Whether or not to reverse neuropathy depends on the cause of nerve damage. In some cases, the pain may disappear completely. In others, nerve damage may be permanent. For example, when neuropathy is caused by an infection, symptoms may disappear completely when the infection is treated.
While diabetic neuropathy cannot be reversed, people can take steps to reduce the risk of severe symptoms and additional complications. In the meantime, your symptoms are likely to have slowly and steadily worsened over the past few months and years. They're taking your life piece by piece. Maybe you had to cancel the annual hiking trip.
Maybe you're always tired because the pain keeps you awake at night. Treatment of foot neuropathy is aimed at relieving pain and restoring sensitivity to improve the function and quality of life of the patient. There is no cure for peripheral neuropathy, but proper treatment will slow progression and address symptoms. If the cause of foot neuropathy is known, treatment of the underlying cause may provide relief.
Unfortunately, 33% of the time podiatrists do not know what causes neuropathy and should treat only the symptoms. Nerve damage caused by diabetes is not completely reversible. However, patients do have treatment options to help manage symptoms. Patients who have neuropathy should focus on regulating blood sugar.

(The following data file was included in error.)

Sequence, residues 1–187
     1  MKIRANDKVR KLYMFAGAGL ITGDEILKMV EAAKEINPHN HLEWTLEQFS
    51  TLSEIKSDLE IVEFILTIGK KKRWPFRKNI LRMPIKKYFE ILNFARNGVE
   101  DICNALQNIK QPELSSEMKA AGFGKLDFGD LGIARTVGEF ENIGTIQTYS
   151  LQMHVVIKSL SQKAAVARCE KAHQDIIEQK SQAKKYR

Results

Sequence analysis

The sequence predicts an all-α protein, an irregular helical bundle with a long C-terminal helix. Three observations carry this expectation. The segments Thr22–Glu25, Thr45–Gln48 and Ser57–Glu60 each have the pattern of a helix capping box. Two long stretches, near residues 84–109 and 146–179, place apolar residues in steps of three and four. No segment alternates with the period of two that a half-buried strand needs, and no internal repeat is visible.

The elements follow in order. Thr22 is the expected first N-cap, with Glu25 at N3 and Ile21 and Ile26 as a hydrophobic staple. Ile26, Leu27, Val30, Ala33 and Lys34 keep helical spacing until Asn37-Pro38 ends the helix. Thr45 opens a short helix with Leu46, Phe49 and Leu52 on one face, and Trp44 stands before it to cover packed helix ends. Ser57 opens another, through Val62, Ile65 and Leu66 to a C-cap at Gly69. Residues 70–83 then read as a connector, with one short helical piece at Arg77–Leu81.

These people should also check their feet every day for signs of new blisters, sores, or signs of infection. In addition, patients may consider decompression surgery. The body cannot repair damaged nerve tissues, which means diabetic neuropathy cannot be reversed. However, side effects can be managed, and treatment for neuropathy often focuses on preventing further damage from occurring.
People with peripheral neuropathy often describe a shooting, burning, or throbbing pain in the feet. People with diabetes should check their feet every day for injuries, infections, or skin changes and keep their feet as clean as possible. Because patients with neuropathy have reduced sensitivity in the legs and feet, patients should check their feet every day for wounds. Because the feet are the area most affected by diabetic neuropathy, it's also critical to pay attention to your feet and identify signs of nerve damage early.
Peripheral neuropathy is, in short, a condition that progressively damages healthy nerves in the peripheral nervous system, especially the thin, delicate nerves in the hands and feet. Peripheral neuropathy is a general term for progressive damage to the sensitive nerves in the feet and toes.